Mele Kalikimaka e ka'u kākou 'ohana Huraiti! Wishing our Huraiti Mana family warm holiday cheer and fun. We met virtually for an evening of baking hosted by our very own Lubong 'ohana! We hope everyone enjoyed themselves and shared some sugar goodness. To you and yours, wishing you happiest of holidays.
Te Pū Fenua is the thousand year old Polynesian tradition of burying the placenta upon a child's birth, continuing our eternal relationship between our people and Te Mama Fenua, Mother Earth. A rite that had survived attempted erasure by colonizers. Too often women, their bodies, and the creation of their bodies, are deemed vile & sinful, biohazard and lesser than. Many mothers have fought for decades to revive the rite to carry home with them the incredible creation that had come from their own body and had protected their babies before birth - their placenta - so that it may be buried in their homeland, in the fenua, beneath a tumu, or with the moana, by whatever means to connect their children to the land that raised their tūpuna. I lift my hands to these metua vahine who have paved the way that one day I may also take part in te pū fenua, and my child may know the roots of their ancestors. Māuruuru mai tō'u mafatu te mau metua vahine!
4th place ages 25-34
As the incredible Ra'atira Tiana Liufau explains a dancer should be, have the grace of Hina and the power of 'Oro! Ua te'ote'o roa vau ia 'oe e Pūpahu! Your dedication and love and commitment is the soul of Huraiti Mana! On to the next!
Save our Native Hawaiians and Pacific Islanders in Washington State! So proud of our Huraiti who have worked so hard throughout quarantine, with 100% of practices unfortunately via zoom. We have had only virtual classes for the past 7 months since the loss of our studio due to COVID measures taken by building management as well as huraiti's joint efforts & conscious choice to minimize the spread of this deadly illness. Across Washington, Native Hawaiians and Pacific Islanders continue to have the highest contraction and highest death rate due to COVID - more than any other ethnic group and by extremely high margins. Though we long to be together, myself side by side with my Tamari'i, we are proud to continue our part, in what little steps or big we can take, in saving our people.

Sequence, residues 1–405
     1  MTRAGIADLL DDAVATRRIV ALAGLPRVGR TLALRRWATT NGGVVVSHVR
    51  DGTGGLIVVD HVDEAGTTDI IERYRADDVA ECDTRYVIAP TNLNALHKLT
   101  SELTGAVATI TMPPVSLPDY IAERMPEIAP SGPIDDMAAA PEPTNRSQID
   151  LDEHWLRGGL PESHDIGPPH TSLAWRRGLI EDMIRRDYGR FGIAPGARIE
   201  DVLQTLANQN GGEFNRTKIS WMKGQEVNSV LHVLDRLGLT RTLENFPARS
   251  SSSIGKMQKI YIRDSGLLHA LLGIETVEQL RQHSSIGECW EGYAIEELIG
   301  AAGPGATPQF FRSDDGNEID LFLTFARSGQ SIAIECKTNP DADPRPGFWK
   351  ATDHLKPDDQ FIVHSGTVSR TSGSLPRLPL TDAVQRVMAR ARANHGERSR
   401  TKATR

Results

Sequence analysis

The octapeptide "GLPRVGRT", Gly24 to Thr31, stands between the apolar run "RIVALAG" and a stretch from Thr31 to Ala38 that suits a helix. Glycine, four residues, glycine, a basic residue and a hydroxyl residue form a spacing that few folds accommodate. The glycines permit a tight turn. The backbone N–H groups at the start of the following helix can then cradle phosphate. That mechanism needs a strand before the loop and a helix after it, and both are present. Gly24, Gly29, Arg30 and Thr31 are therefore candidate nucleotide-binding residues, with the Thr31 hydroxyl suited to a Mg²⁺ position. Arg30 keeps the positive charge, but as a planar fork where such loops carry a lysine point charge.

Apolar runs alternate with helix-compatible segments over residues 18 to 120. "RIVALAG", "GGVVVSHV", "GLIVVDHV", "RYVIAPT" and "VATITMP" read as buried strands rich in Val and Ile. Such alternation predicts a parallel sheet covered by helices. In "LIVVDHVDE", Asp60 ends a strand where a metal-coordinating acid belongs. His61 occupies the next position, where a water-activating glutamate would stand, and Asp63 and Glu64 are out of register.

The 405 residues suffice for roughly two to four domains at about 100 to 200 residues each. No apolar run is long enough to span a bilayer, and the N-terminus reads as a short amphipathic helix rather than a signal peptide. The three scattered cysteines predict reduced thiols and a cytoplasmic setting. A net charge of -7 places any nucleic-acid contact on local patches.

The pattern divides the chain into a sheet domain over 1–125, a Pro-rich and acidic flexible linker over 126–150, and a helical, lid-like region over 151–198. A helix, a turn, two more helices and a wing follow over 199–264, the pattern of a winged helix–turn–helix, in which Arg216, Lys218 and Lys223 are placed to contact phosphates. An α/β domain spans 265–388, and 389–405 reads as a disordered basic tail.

We are proud to participate in an event advocating for the same, remaining socially distant but culturally close. Opportunities such as these throughout 2020 has been unprecedented and invaluable in keeping our spirits high, our goals aligned, our bodies moving, and our ā'au fulfilled. Māuruuru from the bottom of our hearts. E fa'aitoito!
Huraiti Mana is honored to have been invited to celebrate in the annual Duwamish Tribe Celebration and Gala, lifting up our Indigenous peoples on this, the second Monday in October, Indigenous Peoples' Day. We lift up our hands most especially to our Duwamish hoa hānau who, though they have lived in these lands known now as the Pacific Northwest since time immemorial, have and still continue to steward this land, and see the city named after Duwamish leader, Chief Seattle prosper and flourish - remain unacknowledged by federal, state, and local governments as a people and nation. The 1855 Treaty signed for healthcare, fishing rights, and education has still not been honored. Duwamish succeeded in receiving federal recognition in 2001 only to have it viciously revoked by the Bush Administration immediately following.
This is a history not taught in schools.
Erasure of Indigenous Peoples is still happening the world over.